09 April 2013

New to my shelf…

Currents 35, Tara Donovan, published by Milwaukee Art Museum, 2012.  ISBN 978-1-938885-00-6

Günther Uecker, Geschriebene Bilder/Word Pictures, published by Jovis Verlag, 2011.  ISBN 978-3-86859-178-1

22 February 2013

Upcoming solo exhibition:  Exposing the Core

March 1 – April 9, 2013

Opening reception: Friday, March 1, 6 – 8 pm

11 December 2012

Upcoming group exhibition:   Whitdel Arts in association with the Contemporary Art Institute of Detroit (CAID).

M.A.P. Movement and Position

January 18-February 9, 2013

Reception: Friday, January 18,  7-10 pm

During a time of the year when cars are the center of attention in Detroit, Whitdel Arts presents M.A.P. Movement and Position: an exhibition aimed at showcasing different types of physical and social geography.

 M.A.P. will feature a collection of work from local and international artists working in a variety of mediums including drawing, painting, sculpture, printmaking, and film. Artists explore movement between physical places as well as the emotional and social movements that drive change in personal lives and communities.

12 October 2012

Pipilotti Rist at the Kunst Museum St. Gallen.  We almost walked right past the museum, it’s such a nondescript building that is shares with the Natural History Museum, but we found it and the latest exhibition by Pipilotti was engaging.  My favorites included Grüne Hüfte, lila Brust und blaues Auge, 2012 and Selbstlos im Lavabad, 1994, which I walked right over without noticing my first time through.  The really small LCD monitor installed flush underfoot blended in well with the texture of the wood floor boards.   On till November 25th.

09 October 2012

At Aargauer Kunsthaus, until November 18th, the Jubiläum Manor Kunstpreis 2012.  An eclectic grouping of works by a young contingency of Swiss artists.

30 September 2012

New to my shelf…

Ai Weiwei’s Blog, Writings, Interviews, and Digital Rants, 2006-2009, published by Writing Art Series – MIT Press, 2011.  ISBN 978-0-262-01521-9

Donald Judd, A good chair is a good chair, published by Ikon Gallery and Cornerhouse Publications, 2011.  ISBN 978-1-904864-65-3

Agnes Martin, published by Dia Art Foundation and Yale University Press, 2011.  ISBN 978-0-300-15105-3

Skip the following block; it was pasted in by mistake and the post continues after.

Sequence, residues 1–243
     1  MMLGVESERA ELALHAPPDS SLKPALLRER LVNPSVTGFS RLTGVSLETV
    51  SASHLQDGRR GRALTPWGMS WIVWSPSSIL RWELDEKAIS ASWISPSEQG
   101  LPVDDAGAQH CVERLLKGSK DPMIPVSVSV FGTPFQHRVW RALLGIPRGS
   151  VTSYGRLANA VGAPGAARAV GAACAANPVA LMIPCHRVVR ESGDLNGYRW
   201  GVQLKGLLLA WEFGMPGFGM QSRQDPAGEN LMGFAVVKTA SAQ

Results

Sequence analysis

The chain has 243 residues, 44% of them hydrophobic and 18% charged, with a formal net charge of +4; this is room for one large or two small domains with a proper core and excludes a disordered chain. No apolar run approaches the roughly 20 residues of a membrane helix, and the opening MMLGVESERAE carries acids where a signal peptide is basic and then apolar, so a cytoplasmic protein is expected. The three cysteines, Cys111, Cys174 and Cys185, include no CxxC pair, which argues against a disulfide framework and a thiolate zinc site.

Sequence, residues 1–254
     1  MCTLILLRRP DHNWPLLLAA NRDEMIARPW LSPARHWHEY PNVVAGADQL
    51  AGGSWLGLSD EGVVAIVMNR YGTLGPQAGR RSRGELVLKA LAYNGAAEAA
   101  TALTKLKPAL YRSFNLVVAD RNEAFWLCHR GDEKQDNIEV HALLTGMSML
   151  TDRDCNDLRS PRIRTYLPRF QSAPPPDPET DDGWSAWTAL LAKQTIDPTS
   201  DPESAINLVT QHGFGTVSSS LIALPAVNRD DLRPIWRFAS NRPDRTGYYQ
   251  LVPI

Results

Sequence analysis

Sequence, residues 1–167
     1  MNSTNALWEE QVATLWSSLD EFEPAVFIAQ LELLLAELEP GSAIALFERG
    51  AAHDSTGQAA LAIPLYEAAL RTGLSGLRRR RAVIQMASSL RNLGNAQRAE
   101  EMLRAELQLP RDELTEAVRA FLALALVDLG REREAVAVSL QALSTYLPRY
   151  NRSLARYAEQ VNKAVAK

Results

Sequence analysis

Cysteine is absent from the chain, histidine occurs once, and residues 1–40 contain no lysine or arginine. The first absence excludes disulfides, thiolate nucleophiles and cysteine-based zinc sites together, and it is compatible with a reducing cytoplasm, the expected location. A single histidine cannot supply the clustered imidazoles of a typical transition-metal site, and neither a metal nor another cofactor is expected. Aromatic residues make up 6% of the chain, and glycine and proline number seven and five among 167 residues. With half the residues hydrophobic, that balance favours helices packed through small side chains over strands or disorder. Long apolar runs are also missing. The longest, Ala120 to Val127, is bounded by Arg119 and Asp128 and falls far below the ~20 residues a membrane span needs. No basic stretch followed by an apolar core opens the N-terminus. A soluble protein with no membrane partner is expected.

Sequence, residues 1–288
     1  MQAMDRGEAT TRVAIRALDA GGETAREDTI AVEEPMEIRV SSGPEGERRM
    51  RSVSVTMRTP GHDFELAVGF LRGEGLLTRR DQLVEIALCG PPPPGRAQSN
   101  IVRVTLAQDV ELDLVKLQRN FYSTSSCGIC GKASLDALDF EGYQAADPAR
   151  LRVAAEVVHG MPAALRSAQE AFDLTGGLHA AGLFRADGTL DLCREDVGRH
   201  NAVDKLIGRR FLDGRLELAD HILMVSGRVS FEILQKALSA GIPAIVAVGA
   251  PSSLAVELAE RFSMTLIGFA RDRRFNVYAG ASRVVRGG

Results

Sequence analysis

29 September 2012

White Cube Hoxton Square gallery, London, UK.  It took a little effort to find but was worth the time to explore a new area in London for us.  An exhibition by London based artist, Runa Islam filled, although minimally, the two floors.  Two new works in film accompanied an architectural intervention into the side of the building and an existing work in film on view upstairs.

17 June 2012

New to my shelf…

Günther Uecker, Anschlag zum Schweigen der Schrift, published by Galerie Löhrl Mönchengladbach, 1997.

Damien Hirst, published by Prestel in conjunction with the Tate Modern exhibition, 2012.  ISBN 978-3-7913-4703-5

16 June 2012

artBasel 2012  The first thing one came across this year at artBasel was the Schaulager satellite temporary pavilion.  Designed by Herzog & de Meuron, it was a blend between their new Vitra building, the existing Schaulager Museum and the vernacular barns of Switzerland.  One of the more impactful designs this year considering that artUnlimited fell a bit short in comparison to years past.  Although, there were a few pieces at artUnlimited that struck me.  One being by Walid Raad titled Cotton Under my Feet, 2007, which was a series of 96 inkjet prints centering around the events of 9/11.  The artist could not remember the exact color of blue the sky was on that fateful day.  Over the years and through assimilation from the terrorist trials he has ‘narrowed it down to ninety-six shades of blue.’  Another piece that captivated me was Thousand, by Philip-Lorca diCorcia.  A thousand Polaroids mounted on aluminum taken throughout a twenty-five year career.